Question of the day …

I am watching qualifying for the French Grand Prix, and this question crossed my mind:

If Lewis Hamilton was American, would we still refer to him as “the first black F1 driver to …” or would we refer to him as an African-American?

I am not trying to be disrespectful, but it is an interesting point because recently I ran across this letter in SI:

You described Ottawa Senators goaltender Ray Emery as “the first African-American goaltender in 19 years to lead his team to the finals.” [source: SI June 25, 2007, p. 18]

The only problem is that Emery is Canadian.

I am not trying to be insensitive, disrespectful, or anything else that may come to mind from someone reading this post that happens to be of African heritage. I just wonder how many generations it takes to become American? I was thinking the same question as the US took on Mexico last weekend in Chicago. I can understand immigrants, regardless of citizenship, calling themselves African or Mexican (or whatever) Americans. To a certain extent, I can understand their children claiming their parent’s heritage, but at what point does it end? When do we all become Americans?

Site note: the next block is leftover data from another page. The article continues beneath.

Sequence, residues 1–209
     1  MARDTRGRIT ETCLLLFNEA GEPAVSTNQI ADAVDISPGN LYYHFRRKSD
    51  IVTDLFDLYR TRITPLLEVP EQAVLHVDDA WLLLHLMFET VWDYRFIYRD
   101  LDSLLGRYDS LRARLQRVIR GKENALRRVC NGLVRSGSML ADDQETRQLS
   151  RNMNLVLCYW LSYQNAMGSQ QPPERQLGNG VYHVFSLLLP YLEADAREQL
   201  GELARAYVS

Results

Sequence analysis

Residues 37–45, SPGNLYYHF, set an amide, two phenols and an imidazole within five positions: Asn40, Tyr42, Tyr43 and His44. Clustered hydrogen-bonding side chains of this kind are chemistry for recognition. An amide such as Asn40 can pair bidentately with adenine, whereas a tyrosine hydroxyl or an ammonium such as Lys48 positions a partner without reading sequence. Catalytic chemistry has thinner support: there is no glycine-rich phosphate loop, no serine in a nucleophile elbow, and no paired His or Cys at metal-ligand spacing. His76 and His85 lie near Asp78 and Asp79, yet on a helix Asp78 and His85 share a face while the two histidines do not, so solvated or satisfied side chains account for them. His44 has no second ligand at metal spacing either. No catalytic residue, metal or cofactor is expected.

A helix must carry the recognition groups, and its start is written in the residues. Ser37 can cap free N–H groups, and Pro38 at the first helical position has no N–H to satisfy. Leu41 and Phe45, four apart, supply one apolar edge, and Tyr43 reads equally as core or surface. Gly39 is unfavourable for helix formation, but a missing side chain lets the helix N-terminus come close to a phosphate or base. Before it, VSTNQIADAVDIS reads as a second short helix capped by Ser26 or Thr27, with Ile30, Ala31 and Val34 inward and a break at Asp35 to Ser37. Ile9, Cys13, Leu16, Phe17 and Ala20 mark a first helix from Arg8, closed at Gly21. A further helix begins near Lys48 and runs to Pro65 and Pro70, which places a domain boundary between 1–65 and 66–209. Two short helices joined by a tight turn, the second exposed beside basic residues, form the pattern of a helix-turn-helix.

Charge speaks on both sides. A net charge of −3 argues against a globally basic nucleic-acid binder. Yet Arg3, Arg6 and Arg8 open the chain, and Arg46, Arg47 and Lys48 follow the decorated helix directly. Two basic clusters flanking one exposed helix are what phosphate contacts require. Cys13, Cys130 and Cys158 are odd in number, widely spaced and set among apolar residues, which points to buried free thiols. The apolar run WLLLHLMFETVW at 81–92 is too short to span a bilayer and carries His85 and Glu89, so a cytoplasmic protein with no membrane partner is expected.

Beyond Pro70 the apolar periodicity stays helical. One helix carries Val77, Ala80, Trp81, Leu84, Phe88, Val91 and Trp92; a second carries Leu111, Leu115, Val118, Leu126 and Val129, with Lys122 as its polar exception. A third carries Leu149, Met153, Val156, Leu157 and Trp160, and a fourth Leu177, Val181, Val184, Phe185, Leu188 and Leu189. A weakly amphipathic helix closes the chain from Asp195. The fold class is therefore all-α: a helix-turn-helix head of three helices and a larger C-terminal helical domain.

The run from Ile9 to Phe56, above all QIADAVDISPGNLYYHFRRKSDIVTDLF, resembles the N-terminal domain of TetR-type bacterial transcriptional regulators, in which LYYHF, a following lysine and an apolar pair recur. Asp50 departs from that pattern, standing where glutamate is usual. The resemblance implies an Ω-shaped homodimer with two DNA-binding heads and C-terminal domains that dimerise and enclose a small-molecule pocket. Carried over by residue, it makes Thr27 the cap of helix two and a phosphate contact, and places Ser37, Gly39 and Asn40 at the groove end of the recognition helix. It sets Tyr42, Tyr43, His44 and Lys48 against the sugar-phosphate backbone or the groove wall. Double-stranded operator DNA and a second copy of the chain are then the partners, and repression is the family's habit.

Of course I can never get it, because I am white, I am privileged, born into a hard-working, educated, upper middleclass family. Then again, I still claim to be a Texan, even though I only lived there for a few months before my parents got a divorce. OK, I am a hypocrite, but at least I am honest about it.

I guess that is my political rant for the day.

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